Umbra on lead pipes and drinking water
I live in New York City, which is reputed to have some of the best drinking water in the U.S. But I also happen to live in an old building that probably has lead pipes, so I buy Poland Spring water in five-gallon jugs each month. I’d prefer to drink tap water, but I don’t know how to find out whether my building’s water is polluted or not. How do I go about this? If it does have lead (etc.), what are the most affordable ways of treating it?
New York, N.Y.
Go tap water! Hooray! The Natural Resources Defense Council has found that bottled water is not necessarily a safe drinking bet (check out the group’s report on the matter), so I support your desire to drink out of the spigot.
Public water systems in the U.S. are required to produce and distribute annual water-quality reports that honestly state test results for water-safety measurements mandated by the U.S. EPA. If you haven’t seen one in the mail, call your water utility, or you might be able to find it online on the EPA’s website. Also, by way of disclaimer, please note that government-mandated honesty may not preclude lying through omission or hedging (or, as this recent Washington Post article alleges, even more insidious deception); you may wish to double-check with your area water-safety watchdog organization.
You’re wise to be concerned about the pipes bringing water from the street to and through your home. Lead is highly malleable, has a low melting point, and is quite resistant to corrosion — attributes that explain why it has been used in water pipes for millennia. But drinking lead-infused water will make you dumb, sterile, wrinkly, and dead. Some folks think lead consumption may have hastened the fall of the Roman Empire.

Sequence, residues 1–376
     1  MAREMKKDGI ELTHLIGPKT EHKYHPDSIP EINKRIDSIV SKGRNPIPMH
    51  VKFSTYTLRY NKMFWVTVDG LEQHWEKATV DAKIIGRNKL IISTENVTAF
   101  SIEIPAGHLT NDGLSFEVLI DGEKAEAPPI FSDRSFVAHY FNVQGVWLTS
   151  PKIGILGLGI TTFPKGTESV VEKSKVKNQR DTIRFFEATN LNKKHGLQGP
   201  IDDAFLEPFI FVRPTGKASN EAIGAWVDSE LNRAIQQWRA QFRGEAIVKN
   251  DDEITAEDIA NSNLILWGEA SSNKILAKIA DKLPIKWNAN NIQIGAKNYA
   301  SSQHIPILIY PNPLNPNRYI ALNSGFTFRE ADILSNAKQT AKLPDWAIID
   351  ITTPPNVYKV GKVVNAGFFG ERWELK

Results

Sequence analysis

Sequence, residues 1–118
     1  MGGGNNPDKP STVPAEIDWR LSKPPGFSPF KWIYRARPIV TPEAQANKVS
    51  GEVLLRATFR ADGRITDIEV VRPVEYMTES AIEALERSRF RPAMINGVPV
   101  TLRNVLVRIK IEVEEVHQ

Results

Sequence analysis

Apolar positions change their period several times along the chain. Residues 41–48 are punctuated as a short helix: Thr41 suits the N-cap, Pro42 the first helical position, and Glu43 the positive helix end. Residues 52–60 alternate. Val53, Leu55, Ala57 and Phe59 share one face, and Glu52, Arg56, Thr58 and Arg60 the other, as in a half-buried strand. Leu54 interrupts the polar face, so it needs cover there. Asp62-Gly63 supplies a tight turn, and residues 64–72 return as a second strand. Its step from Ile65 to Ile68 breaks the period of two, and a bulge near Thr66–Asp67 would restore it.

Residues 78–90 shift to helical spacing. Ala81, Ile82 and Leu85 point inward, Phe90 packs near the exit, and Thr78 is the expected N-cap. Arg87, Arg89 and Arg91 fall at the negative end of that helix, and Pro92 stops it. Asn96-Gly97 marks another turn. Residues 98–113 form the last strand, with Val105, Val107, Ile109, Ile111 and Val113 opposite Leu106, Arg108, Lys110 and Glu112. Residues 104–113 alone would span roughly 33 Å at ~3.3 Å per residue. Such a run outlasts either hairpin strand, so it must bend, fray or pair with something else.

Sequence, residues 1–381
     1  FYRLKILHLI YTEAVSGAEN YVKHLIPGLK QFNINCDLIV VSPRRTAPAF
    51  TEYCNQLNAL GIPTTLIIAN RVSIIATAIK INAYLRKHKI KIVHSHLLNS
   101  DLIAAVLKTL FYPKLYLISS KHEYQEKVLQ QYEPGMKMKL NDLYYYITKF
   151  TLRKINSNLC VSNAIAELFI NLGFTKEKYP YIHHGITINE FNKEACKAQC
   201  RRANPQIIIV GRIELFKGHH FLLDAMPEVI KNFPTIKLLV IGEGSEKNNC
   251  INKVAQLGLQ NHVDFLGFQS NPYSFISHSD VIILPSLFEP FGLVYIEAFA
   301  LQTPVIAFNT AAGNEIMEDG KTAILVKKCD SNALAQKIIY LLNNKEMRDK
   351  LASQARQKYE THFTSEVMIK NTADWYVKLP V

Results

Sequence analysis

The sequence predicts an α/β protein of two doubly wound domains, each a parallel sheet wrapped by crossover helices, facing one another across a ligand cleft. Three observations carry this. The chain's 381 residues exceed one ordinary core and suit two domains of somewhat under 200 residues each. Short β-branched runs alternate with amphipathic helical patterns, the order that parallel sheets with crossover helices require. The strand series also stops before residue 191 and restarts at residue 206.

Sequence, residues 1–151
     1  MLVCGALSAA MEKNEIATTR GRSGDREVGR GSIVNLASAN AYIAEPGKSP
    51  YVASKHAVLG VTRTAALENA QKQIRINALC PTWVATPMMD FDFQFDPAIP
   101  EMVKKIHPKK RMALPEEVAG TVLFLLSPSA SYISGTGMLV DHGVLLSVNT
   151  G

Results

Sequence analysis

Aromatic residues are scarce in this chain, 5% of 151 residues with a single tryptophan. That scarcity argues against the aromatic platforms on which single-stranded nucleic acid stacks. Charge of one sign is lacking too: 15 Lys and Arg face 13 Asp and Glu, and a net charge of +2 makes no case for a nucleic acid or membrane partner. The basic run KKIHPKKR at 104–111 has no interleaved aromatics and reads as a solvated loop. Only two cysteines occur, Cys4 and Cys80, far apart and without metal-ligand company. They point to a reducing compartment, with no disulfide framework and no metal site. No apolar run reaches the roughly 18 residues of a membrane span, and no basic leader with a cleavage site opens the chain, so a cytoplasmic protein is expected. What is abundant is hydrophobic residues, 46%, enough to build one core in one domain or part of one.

Hence: You need to test your tap water for lead. Call your water system to find a reputable testing company. It may be that your supplier has free home testing services; wouldn’t that be lovely? If you rent your apartment, the supplier will also be able to inform you of the landlord’s obligation to conduct water testing, if there is one. Should you need to foot the bill yourself, tests for lead will run you somewhere between $25 and $100.
While you wait for your test results, follow these important guidelines: Run cold-water taps for about a minute, until the water is chilled and the sitting water has run through. Never drink water from hot-water pipes. I once had the pleasure of Sawzall-ing the pipes out of an old house. The hot-water pipes were filled with repulsive oozing black sludge. If the thought of drinking vile sediment pudding isn’t a sufficient deterrent, take note: If your pipes are lead, the goop is toxic. Bleagh.
Let’s say your lead results come back positive. It’s time to find yourself an effective filter. If the city’s water supplier can’t point you in the right direction, check out NSF International’s info on home water-treatement devices.
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